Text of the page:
With all of that on my mind, I made the biggest bone-head move of my career to this point… I completely failed to check the back of my truck before leaving the dock.
This was my “epic fail” as one of my nieces would put it, but I wouldn’t even realize it for another thirteen hours.
Now, my normal procedure before leaving is to do a walk-around each and every time I leave a dock, either outbound or inbound. I check straps and lights and tires, and such, or check to make sure every piece is off the truck and that I haven’t left a strap ratchet hanging, bungees on the bed, or whatever.
At any rate, I let the above circumstances distract me and completely did not remember to do my walk-around.
I got on the phone with my customer and gave them the situation on the next-day delivery and headed north post-haste to make sure I would at least be close enough to pick the load if something happened to make it possible. After three hours of hard driving, I got a budget-rate motel room, backed the truck into the parking spot on the outer edge of the parking lot, and hauled my tired self in to get some sleep.
When I woke up the next morning, I got my paperwork in order, printed out my log sheet from the day before and got that in my book, then loaded up my stuff and went to fetch a cup of coffee.
It was when I came back out with coffee cup in hand that I made a horrible and shocking discovery…
A crate from the shipment that I delivered the night before that was sitting just behind my auxiliary fuel tank was sitting there, pretty as you please, having obviously not been forked off of the back of my truck the night before.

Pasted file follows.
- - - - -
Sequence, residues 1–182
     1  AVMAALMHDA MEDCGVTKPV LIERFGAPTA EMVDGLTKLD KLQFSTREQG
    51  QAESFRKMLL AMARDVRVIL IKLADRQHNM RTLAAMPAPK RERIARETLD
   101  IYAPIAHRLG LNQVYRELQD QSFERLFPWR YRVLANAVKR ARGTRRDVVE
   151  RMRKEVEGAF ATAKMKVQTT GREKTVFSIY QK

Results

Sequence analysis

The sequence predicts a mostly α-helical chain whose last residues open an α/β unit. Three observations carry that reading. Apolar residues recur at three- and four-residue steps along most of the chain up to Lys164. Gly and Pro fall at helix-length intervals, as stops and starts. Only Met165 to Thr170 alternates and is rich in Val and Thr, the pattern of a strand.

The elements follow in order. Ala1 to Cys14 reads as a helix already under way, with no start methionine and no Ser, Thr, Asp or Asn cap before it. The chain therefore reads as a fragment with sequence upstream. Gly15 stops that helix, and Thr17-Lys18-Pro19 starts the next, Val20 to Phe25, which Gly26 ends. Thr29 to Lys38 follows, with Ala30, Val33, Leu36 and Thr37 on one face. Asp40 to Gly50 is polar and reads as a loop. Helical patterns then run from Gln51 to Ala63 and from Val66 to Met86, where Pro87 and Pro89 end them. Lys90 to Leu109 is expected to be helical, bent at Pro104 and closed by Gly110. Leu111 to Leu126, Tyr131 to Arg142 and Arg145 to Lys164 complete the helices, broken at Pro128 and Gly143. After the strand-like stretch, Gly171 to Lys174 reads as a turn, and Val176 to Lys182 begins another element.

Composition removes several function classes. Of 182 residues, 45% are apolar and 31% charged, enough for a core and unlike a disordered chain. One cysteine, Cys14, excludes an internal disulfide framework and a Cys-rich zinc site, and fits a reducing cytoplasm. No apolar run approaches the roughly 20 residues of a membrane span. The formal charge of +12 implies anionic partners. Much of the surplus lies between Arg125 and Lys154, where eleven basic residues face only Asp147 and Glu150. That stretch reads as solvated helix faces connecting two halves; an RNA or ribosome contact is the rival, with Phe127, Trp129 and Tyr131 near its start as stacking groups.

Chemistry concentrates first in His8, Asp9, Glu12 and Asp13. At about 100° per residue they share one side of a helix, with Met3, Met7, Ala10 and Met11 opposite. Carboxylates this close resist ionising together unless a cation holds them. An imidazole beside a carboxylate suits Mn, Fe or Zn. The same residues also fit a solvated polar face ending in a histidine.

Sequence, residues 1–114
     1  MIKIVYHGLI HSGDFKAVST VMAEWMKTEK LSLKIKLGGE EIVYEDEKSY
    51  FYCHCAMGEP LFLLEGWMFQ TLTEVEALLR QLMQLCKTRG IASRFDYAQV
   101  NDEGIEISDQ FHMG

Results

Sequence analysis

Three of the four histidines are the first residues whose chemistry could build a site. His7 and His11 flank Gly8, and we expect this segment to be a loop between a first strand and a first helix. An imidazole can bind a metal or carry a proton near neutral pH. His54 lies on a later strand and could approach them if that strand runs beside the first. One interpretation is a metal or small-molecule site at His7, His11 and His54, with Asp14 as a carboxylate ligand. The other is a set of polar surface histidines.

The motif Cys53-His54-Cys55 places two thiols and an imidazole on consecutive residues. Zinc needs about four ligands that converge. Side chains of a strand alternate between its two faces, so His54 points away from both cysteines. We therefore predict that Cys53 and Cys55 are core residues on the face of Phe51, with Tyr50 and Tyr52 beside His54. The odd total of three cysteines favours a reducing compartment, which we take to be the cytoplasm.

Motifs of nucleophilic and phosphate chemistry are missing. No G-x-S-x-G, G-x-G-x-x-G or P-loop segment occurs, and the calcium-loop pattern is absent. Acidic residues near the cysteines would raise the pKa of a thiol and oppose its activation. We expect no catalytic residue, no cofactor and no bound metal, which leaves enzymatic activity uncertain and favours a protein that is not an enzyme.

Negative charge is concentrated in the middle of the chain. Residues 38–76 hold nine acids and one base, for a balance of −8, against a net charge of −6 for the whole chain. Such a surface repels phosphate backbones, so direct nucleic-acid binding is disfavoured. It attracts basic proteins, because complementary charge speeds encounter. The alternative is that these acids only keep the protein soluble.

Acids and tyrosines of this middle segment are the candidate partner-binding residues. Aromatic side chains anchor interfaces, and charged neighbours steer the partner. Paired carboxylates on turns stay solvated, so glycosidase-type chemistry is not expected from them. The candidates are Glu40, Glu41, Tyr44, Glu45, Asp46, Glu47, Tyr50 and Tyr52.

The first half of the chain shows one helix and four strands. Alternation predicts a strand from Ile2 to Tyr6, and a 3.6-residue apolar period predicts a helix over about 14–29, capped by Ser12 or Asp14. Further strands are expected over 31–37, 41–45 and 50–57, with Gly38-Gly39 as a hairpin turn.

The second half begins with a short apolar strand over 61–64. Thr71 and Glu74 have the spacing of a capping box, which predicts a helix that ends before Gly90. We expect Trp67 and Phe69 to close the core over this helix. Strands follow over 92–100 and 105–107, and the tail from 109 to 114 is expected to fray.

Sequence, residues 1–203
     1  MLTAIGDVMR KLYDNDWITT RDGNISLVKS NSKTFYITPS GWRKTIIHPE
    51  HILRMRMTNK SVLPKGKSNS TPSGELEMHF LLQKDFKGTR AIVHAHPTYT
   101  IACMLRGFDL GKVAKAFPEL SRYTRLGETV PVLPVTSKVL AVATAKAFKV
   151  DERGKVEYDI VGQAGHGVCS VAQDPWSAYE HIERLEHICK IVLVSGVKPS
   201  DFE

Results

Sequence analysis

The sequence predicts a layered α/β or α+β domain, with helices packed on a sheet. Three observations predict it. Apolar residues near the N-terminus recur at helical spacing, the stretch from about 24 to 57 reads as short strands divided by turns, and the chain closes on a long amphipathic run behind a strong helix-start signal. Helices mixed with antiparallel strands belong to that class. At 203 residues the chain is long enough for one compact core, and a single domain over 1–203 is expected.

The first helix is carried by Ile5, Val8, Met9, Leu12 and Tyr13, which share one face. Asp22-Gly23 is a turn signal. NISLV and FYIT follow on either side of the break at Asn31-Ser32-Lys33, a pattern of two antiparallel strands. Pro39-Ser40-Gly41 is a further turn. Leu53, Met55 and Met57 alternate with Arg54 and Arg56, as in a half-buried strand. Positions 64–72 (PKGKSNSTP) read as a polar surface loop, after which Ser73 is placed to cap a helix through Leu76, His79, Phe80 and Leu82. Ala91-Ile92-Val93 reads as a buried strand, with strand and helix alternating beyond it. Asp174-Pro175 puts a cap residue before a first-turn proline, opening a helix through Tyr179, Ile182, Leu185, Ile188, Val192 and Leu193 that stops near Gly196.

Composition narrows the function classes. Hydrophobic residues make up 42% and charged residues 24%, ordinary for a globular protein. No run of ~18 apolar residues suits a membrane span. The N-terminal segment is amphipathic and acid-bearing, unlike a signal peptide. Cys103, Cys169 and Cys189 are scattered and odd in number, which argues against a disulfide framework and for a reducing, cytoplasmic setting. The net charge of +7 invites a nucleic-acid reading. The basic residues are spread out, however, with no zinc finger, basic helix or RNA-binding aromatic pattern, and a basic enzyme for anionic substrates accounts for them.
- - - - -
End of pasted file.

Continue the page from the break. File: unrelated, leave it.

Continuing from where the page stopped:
I didn’t know whether to laugh or burst into tears. Honestly!
That one tiny detail completely burst my bubble and I felt like the most stupid human that ever walked the face of the earth.
I didn’t burst into tears because tears make driving dangerous… instead I got on the phone to my customer and (even though I really, really didn’t want to do it) told them what a stupid thing I had done. I also had that set of tools on the truck that the customer was waiting for back at their facility, so I was stuck between returning the three-odd hours to get the unseen crate delivered (really delivered this time) or hauling butt up with the tools.
That had to be the customer’s call, and I had to fess up and give them the info so they could make it.
As it turned out, they needed the crate delivered worse than they needed to get the tools, so back I ran to the third point of delivery, actually got the thing delivered (thank God!) and then turned around and drove back to the customer as fast as the law and traffic allowed. And it wasn’t fast enough for me as I got stuck in the parking lot they call Ft. Worth in “the Friday before Christmas” traffic that was leaving town just as I was trying to get through.
But it all turned out fine, (even though I’m so embarrassed by my own dumbness) and I got the tools delivered, and even got the return load which had been re-scheduled to be delivered not that evening, but the next day.
Which I suppose just goes to show you that it’s probably better (although a lot more painful) to just fess up immediately when one does something stupid, and get the wheels in motion to solve the problem than to drag your feet and hope it just goes away.
But you can bet your boots when I made the return delivery the next day and they forked it off the truck, I didn’t just do a quick walk-around, I looked hard at that truck bed and actually put my hands on the darned thing just to make sure there wasn’t a speck left on it before I pulled out of the dock and headed home!